Chapter 6 – The Angres and Lorette Action:
In Corps Reserve.
From 26th May to 11th June 1916, the Battalion remained in Corps reserve at Marest. During this period, the Battalion re-fitted and was much occupied by physical drill and training on the heights beyond Bours. Separate drafts of 75 and 31 other ranks, which arrived on 5th and 6th of June respectively, were welcomed and posted to Companies.
The whole Brigade turned out on the morning of 6th June and assembled in the Dieval road for a very close inspection by Brigadier General Thwaites and, immediately after the conclusion of the ceremonial parade, medal ribbons of recently awarded decorations were presented.
While at Marest, a good deal of recreation was enjoyed and many men found the proximity of the Divisional cinema at Pernes a relief from training and from the contemplation of past and future events. The one outstanding sporting event of the period occurred on 3rd June when L-Cpl Holman fought Rfn Abrahart. The fight was an excellent contest and, after six hard fought rounds which delighted the spectators, Rfn Abrahart was declared the winner.
At this time, Lt Hone, the Adjutant, went sick with trench fever and was succeeded as Adjutant by Lt Strachan.
Brigade orders for 10th June stated that the 141st Brigade would relieve 68th Brigade in reserve on the morrow. Accordingly, the Battalion paraded in full marching order at 915am on 11th June and marched off at 1015am. Pernes-Camblain was quickly reached and, accompanied by the 20th Battalion, the London Irish en-trained for Barlin. A short journey via Bruay brought the Battalion to its destination and, immediately after de-training, they moved off under leaden skies and in a deluge of rain to Hersin-Coupigny, where huts were available as billets.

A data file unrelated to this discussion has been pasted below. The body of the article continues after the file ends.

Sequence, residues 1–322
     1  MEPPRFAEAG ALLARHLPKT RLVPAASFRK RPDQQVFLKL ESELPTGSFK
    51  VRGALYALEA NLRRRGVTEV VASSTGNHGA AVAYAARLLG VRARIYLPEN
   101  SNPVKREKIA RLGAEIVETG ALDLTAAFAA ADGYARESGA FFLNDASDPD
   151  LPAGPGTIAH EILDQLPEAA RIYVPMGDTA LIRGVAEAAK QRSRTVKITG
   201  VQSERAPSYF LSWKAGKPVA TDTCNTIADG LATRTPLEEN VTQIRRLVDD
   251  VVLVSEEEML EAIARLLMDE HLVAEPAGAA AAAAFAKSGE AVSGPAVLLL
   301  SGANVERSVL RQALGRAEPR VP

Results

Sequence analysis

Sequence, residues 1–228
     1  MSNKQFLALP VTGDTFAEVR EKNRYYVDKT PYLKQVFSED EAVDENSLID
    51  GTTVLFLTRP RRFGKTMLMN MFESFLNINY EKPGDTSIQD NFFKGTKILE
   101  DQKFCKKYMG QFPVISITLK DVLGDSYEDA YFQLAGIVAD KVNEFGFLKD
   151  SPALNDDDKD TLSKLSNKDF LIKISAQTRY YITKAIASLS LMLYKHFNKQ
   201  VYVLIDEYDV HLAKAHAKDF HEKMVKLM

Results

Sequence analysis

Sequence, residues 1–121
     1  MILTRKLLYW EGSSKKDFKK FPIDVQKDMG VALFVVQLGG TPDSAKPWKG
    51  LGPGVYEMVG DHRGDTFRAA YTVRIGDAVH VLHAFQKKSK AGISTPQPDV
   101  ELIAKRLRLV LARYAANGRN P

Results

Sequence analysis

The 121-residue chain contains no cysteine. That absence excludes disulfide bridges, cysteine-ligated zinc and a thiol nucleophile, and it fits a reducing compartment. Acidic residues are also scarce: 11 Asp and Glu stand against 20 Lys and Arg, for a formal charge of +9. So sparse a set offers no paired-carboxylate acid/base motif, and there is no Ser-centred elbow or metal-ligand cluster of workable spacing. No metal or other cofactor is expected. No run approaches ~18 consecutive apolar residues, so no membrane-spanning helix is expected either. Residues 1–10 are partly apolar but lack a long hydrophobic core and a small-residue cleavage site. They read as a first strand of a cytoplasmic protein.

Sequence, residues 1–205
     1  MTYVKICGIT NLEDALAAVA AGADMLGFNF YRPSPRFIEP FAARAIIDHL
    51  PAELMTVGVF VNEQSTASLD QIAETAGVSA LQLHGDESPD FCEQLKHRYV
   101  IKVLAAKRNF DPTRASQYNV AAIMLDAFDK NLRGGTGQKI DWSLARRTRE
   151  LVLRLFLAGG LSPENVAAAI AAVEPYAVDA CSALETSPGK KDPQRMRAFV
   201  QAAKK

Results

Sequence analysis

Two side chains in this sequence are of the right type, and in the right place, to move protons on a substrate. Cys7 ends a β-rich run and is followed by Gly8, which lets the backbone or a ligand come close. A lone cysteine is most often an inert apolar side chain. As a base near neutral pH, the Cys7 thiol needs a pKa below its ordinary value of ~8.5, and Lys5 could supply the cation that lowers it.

Into the Line at Angres Section.
In the meantime, orders for the trenches had been received and, at 1130am on 12th June, the Battalion marched to the line via Bully to relieve the 2nd Northamptons (24th Division) in “A” sub-Section, Angres Section. Guides, picked up at Corons d’Aix, conducted the Battalion through long communication trenches and, by 4pm, the Battalion was in occupation of the front line. Battalion Headquarters and two Companies of the RMLI (Royal Naval Division) remained in the trenches with the London Irish for the purposes of instruction.
The new sector, which was situated south of Bully Grenay and north of Souchez, comprised the usual intricate arrangement of trenches, saps and “T” pieces. The front line was a fairly good trench and was served by a number of communication trenches running from a support line called Pyrenees. The support line was also generally in good order although waterlogged in some parts. There were many derelict trenches in the sub-Section and it was the Battalion’s task, while in the line, to make most of these serviceable.
The Brigade front was served by a tramway, which ran from a point east of Brigade Headquarters to Mechanic’s Trench. The tramway, which was manned by 17th Battalion personnel, gloried in a rolling stock consisting of eight trucks. It was most valuable innovation and saved the infantry a tremendous amount of labour. Two journeys nightly were made on the tramway; the forward trip was performed to take up rations and RE stores and the return journey was almost monopolised by Tunnelling Company material. A return trip on the tramway usually took about one and a quarter hours.